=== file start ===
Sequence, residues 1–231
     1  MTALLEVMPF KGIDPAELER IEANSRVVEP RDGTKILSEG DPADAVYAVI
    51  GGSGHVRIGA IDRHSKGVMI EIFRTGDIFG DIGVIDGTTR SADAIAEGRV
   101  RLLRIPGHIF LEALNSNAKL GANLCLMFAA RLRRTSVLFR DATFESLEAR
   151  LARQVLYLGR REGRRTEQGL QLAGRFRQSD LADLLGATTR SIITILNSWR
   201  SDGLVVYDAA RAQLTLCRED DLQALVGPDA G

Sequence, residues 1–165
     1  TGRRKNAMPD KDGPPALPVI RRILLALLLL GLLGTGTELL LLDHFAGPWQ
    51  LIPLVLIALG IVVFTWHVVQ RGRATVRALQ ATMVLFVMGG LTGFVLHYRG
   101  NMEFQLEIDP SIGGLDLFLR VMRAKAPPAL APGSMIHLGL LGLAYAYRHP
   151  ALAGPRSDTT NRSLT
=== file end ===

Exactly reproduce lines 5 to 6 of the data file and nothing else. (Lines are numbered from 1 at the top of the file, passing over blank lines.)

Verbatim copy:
   151  LARQVLYLGR REGRRTEQGL QLAGRFRQSD LADLLGATTR SIITILNSWR
   201  SDGLVVYDAA RAQLTLCRED DLQALVGPDA G